Mother’s Day is a special time of year around the Jones household.
Most years it involves me scrambling around the house trying to find the gift I bought the month before, finding a way to sneak my kids away from Mom so they can make homemade cards, last-minute phone calls to restaurants that are all overbooked and usually ending with a low-key Mother’s Day celebration at our favorite neighborhood Mexican restaurant.
Somehow through all of this my wife, Lindsey, manages to show appreciation with style and grace.
I have looked high and low and have yet to find a manual out there with instructions on how to be a good mother. Sure, there’s plenty of stuff about childbirth, potty training and first aid for those mothers of little boys. But no one really prepares them for being the bearer of rocks and feathers that your child insists on bringing home, removing permanent marker ink off of a dog (or a little brother) or trying to find a tree frog that somehow has gotten loose in the house.
It takes a pretty special person to be a mom. I still to this day haven’t figured out how Lindsey manages to keep our house from burning down, makes sure our kids are fed and still finds time to look amazing.
There’s no special prize for raising a family. Nobody comes to the door when your kids turn 18 with a check, balloons and a banner reading: “You did it.” It’s a lifetime commitment that rewards you a little bit at a time — eventually resulting in turning that little baby boy or girl into an amazing man or woman.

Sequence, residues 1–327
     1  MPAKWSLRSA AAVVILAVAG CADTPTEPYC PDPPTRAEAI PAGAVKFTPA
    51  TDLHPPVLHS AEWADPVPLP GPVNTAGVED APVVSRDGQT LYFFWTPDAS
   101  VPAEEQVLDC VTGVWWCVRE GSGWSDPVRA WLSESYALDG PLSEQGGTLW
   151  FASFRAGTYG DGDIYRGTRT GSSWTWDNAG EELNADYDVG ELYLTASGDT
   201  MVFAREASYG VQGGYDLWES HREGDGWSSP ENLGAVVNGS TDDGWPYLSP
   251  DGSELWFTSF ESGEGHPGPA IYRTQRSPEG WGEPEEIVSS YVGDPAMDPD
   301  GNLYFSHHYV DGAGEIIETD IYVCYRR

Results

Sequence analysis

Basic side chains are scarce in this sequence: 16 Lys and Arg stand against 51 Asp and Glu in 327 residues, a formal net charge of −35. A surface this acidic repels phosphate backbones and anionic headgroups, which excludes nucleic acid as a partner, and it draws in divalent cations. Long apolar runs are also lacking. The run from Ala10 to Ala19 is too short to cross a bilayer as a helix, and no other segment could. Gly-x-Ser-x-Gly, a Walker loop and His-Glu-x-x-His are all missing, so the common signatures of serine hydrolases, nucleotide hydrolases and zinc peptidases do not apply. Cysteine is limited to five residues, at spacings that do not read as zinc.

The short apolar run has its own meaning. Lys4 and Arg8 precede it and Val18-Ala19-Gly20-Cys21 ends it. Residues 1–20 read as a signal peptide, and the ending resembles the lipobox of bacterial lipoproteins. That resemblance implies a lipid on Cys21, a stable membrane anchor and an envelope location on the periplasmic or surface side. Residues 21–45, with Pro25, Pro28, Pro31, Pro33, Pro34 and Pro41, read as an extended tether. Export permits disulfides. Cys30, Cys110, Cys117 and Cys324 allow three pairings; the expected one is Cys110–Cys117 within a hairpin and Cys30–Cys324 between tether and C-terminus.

Mother’s Day makes me think of our electric co-ops and how they were “born.” Someone had to coax them into life, and often it was just one person trying to get their friends and neighbors to put $5 down to get one light bulb, refrigerator or dairy cow milker to run off of electricity. Others took the co-op through its awkward teenage stage. Through years of nurturing and growing, our cooperatives are now “adults” every member-owner should be proud of.
I lost my mom when I was just a boy, but I know she would be proud of the man I have become, just like Lindsey is going to be proud of Max and Charlie and just like your co-ops are proud to see every single member succeed.
This Mother’s Day, let’s thank our mothers. The pay may not be so great … but the benefits are amazing.
Caleb is the executive vice president and CEO of the Association of Missouri Electric Cooperatives and a member of Boone Electric Cooperative.